Attachment Therapy, Child Abuse, Daubert, Daubert Standard, Dr. Phil, hot saucing, International Adoption, Jessica Beagley, Legal Cases, Monica Pignotti, Nancy Thomas, Pavel Astakhov, Reactive Attachment Disorder, Russian Adoption, Scott Lilienfeld, therapy myths
Reactive Attachment Disorder (RAD): Dispelling the Myths
Yesterday, adoptive parent Jessica Beagley was found guilty in an Alaskan court of child abuse for punishing her Russian adopted child by giving him hot sauce and forcing him to take cold showers. Although unfortunately this form of abuse is thought to be common, what made this case unusual was the fact that she made a video of this that aired on the Dr. Phil show and that brought her abuse to the attention of authorities who then pressed charges. Beagley did not lose custody of her children.
The punishment of hot saucing and cold showers was not part of any kind of Attachment Therapy treatment, as the mom and children were not in any kind of therapy at the time. However, attachment therapy, along with all its myths, did enter the picture when so-called “experts” testified at the trial that the child was suffering from RAD and that this explained his alleged behavior problems, thus mitigating what the mom did. The problem is, that the behavior problems they attributed to RAD are nowhere in the DSM diagnosis of RAD, nor is there sound evidence that they have anything to do with attachment problems. No doubt, the publicity of this case is now going to be accompanied by more spreading of these myths that children with attachment problems lie, cheat, steal, are violent and will grow up to be sociopaths and the only thing that can stop this from happening is the harsh disciplinary measures associated with so-called “attachment therapy” which is what I consider to be abuse in the name of therapy.
This case is a prime example of why more states need to adopt Daubert, which would require experts to produce actual scientific evidence for that statements. That did not appear to be the case here. Even though Beagley was deservedly convicted, these therapists were allowed in as “experts” to testify to symptoms that have no basis in scientific evidence.
I thought that this would be an appropriate time to cite a table in a recent publication of mine, a systematic review of the literature on RAD and international adoption. The table clarifies the difference between what is in the DSM-IV-TR and the symptoms made up by “attachment therapists” that have no basis. For emphasis, I have placed the latter in red font for this posting (of course, in the actual publication, it is not in red). For even more such symptoms, see Nancy Thomas’ website. Jean Mercer has just coined the term MAD (Misunderstood Attachment Disorder) to describe these symptoms that are repeated far and wide as legitimate when they are not.
Pignotti, M. (2011). Reactive attachment disorder and international adoption: A systematic research synthesis. The Scientific Review of Mental Health Practice, 8, 30-49. (p.33)
Table 1. DSM Definition of RAD vs. Symptoms not in DSM Attributed to Attachment Problems
DSM-IV-TR Criteria 313.89 (American Psychiatric Association, 2000)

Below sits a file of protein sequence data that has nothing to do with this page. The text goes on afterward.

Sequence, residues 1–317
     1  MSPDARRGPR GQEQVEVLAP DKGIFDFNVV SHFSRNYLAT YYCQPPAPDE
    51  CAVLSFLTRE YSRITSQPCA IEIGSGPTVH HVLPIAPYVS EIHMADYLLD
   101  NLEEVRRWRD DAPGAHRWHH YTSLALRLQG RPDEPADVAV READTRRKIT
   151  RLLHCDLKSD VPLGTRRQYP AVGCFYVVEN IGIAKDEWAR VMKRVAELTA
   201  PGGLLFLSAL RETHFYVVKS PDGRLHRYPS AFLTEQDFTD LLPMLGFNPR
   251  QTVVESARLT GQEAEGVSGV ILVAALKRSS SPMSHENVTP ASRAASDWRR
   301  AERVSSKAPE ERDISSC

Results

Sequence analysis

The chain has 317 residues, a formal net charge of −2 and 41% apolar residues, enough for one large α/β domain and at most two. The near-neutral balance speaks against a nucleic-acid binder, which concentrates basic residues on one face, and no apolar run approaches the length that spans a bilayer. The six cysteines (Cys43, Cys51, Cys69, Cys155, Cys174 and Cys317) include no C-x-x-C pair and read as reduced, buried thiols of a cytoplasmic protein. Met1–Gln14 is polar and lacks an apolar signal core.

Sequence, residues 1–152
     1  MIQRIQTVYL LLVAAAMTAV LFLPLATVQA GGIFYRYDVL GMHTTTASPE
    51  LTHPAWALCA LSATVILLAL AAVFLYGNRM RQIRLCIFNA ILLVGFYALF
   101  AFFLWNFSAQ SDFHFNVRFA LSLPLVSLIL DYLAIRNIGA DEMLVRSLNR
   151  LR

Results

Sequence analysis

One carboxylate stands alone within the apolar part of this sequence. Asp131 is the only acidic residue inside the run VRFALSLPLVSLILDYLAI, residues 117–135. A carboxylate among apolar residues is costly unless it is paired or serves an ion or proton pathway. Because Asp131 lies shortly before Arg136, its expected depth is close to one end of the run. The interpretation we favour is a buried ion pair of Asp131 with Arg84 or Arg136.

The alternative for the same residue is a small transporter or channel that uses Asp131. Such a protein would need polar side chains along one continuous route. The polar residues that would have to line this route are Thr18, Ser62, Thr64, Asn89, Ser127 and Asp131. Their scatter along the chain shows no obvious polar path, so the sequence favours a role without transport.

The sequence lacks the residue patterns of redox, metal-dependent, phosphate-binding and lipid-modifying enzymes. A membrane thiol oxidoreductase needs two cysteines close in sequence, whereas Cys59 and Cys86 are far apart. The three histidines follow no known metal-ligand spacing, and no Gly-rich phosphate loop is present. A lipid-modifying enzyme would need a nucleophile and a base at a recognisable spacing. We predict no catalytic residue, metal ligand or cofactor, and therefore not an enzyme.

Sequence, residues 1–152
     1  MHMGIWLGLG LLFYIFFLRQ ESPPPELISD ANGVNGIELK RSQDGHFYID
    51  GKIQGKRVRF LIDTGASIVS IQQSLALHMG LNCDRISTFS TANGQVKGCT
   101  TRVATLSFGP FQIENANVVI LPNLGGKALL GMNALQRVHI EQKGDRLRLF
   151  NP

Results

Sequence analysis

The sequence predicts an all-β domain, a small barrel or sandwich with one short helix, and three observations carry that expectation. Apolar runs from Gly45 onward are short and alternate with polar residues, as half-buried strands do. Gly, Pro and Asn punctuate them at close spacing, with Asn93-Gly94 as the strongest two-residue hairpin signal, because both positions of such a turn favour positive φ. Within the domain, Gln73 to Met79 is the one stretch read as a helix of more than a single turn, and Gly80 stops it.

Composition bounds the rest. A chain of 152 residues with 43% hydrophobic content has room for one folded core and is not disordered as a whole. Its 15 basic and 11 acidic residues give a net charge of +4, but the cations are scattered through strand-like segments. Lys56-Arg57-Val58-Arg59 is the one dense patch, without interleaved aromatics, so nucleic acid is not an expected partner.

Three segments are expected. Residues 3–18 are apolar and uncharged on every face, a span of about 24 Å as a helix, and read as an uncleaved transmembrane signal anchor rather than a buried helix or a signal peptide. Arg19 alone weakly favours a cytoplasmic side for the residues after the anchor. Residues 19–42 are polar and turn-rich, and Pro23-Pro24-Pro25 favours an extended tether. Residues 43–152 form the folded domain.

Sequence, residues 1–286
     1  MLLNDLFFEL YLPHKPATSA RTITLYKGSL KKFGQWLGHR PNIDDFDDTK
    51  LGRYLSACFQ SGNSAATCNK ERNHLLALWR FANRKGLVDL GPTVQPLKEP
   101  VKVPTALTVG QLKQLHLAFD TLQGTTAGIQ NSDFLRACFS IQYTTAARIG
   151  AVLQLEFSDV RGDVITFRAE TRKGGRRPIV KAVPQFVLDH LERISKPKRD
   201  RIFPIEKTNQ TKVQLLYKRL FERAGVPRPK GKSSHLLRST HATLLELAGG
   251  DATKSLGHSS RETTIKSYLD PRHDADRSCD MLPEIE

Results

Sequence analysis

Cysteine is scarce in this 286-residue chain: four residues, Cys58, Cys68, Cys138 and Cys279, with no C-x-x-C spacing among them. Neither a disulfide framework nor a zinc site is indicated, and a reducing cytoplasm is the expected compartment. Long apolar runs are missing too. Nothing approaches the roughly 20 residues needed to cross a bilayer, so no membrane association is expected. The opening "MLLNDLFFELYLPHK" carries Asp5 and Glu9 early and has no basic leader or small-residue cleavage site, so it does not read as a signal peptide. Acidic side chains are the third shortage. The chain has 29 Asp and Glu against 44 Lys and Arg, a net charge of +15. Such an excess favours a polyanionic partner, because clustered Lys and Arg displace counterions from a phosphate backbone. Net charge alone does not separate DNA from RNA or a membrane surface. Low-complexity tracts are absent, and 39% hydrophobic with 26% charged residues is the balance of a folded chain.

Reactive Attachment Disorder of Infancy or Early Childhood
A. Markedly disturbed and developmentally inappropriate social relatedness in most contexts, beginning before age 5 years, as evidenced by either (1) or (2):
C. Pathogenic care as evidenced by at least one of the following:
(1) persistent disregard of the child’s basic emotional needs for comfort, stimulation, and affection
D. There is a presumption that the care in Criterion C is responsible for the disturbed behavior in Criterion A (e.g., the disturbances in Criterion A began following the pathogenic care in Criterion C).
(American Psychiatric Association, 2000, p. 128).
Symptoms Outside the DSM-IV Definition Attributed to Attachment Disorders [red emphasis added]
|Coleman, 2003||Physical aggression, shallow, emotionally deficient social behavior, tantrums, recklessness, risk taking, bullying, stealing, abuse of pets, hoarding food, deception, emotional insatiability, need to control others, defianceFamily of RAD child symptoms: loss of executive parental power, decreases in spousal interaction in parents of RAD children, parentification of siblings.|
|Howe, 2003||Aggression towards mother, crazy lying [lying about the obvious], poor eye contact, obsession with violence and bloody imagery, inability to anticipate consequences of behavior, compulsion to be in control and fear of being controlled, aggressive behaviors.|
|Hughes, 2003||Aggression, dissociation, affect and behavioral disregulation, impulsivity, alterations in consciousness, loss of meaning, somatization, inability to differentiate facial expressions, lack of eye contact with caregivers, discomfort with touch, shame.|
American Psychiatric Association (2000). Diagnostic and statistical manual of mental disorders (4th ed. text rev.)Washington,DC: American Psychiatric Press.
Coleman, P. K. (2003). Reactive attachment disorder in the context of the family: A review and call for further research. Emotional and Behavioural Difficulties, 8, 205-216.
Howe, D. (2003). Attachment disorders. Disinhibited attachment behaviours and secure base distortions with special reference to adopted children. Attachment and Human Development 5, 265-270.
Hughes, D. A. (2003). Psychological interventions for the spectrum of attachment disorders and interfamilial trauma. Attachment and Human Development, 5, 271-277.